Lord Lloyd of Berwick: My Lords, I entirely accept the correction, but it makes not the slightest difference to what I was about to say. The noble and gallant Lord, Lord Craig of Radley, the Convenor of the Cross-Benchers, was asked by the noble Lord, Lord Grocott, to inform the Cross Benches of what would be the likely result if the amendment to the Motion were carried. I do not know whether that was an attempt to twist my arm. On the whole, judges are not used to having their arms twisted. But if my arm was being twisted, I did not feel any pain. I told the Chief Whip that if that were a factor in the equation, it was not for me to decide, but for the House as a whole, which is why I mention it now.

4.20 p.m.

Lord Carter: My Lords, the noble and learned Lord, Lord Lloyd of Berwick said that as he had spoken on 12 February he intended to truncate his remarks. I cannot help wondering how long he would have spoken for if he had not spoken on 12 February.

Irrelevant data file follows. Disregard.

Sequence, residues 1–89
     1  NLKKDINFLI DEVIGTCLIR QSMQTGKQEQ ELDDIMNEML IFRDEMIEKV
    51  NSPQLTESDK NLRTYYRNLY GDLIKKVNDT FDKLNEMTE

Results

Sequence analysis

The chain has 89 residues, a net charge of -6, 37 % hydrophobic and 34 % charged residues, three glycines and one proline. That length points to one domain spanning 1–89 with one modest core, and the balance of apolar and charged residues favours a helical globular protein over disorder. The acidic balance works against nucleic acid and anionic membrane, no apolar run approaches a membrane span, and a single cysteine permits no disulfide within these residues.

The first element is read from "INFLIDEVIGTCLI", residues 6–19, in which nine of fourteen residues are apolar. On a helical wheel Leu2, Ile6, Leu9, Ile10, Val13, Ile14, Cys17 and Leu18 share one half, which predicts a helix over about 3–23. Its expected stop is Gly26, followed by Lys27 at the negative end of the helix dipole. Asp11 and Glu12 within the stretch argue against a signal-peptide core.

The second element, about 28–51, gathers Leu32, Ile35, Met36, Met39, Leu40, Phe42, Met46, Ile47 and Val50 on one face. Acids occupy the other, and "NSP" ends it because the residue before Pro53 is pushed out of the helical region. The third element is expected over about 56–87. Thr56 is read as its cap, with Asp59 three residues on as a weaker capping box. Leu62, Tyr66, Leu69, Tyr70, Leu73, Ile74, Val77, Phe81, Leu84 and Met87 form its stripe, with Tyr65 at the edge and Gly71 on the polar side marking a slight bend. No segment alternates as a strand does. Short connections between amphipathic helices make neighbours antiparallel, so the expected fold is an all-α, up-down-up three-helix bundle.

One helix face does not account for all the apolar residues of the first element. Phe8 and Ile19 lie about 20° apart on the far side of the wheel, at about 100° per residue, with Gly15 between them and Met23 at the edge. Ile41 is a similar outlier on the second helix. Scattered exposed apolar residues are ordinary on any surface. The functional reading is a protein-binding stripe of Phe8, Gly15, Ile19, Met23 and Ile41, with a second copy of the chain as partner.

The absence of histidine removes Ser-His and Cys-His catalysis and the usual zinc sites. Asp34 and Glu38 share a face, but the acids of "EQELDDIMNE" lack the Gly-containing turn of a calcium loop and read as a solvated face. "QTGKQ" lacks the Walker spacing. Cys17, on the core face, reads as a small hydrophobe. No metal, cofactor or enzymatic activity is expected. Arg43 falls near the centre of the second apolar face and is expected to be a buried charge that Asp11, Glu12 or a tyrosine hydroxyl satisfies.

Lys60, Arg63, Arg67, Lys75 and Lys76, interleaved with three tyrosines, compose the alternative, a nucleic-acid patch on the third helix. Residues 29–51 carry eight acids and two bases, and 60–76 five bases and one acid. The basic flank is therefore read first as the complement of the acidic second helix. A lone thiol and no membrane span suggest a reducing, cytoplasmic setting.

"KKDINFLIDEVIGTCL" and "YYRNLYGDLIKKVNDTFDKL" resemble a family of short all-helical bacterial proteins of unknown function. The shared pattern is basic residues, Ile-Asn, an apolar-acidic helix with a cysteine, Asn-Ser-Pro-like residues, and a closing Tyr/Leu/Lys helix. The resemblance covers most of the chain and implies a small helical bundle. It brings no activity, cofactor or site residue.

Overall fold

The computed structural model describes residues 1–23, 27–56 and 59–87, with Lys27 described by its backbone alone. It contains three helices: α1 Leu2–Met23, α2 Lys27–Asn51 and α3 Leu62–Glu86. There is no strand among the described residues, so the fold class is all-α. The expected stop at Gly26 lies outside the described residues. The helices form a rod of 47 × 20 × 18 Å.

It had not been my intention to speak in this debate, but I decided to do so when I saw the amendment that was tabled and has now been spoken to by the noble and learned Lord, Lord Lloyd of Berwick. To send a major Government Bill to a Select Committee is completely unprecedented and the procedure of such a committee is singularly inappropriate for the consideration of a major Bill. I will show this later in my speech. As we have heard, only one government Bill has ever been sent to a Select Committee—the Hare Coursing Bill 1976. That was an important but not a major Bill. The Select Committee effectively killed it. Incidentally, that Bill was produced by a Labour government and the Conservative opposition proposed the setting up of a Select Committee. With this one exception, the Select Committee procedure has been used only for Private Members' Bills.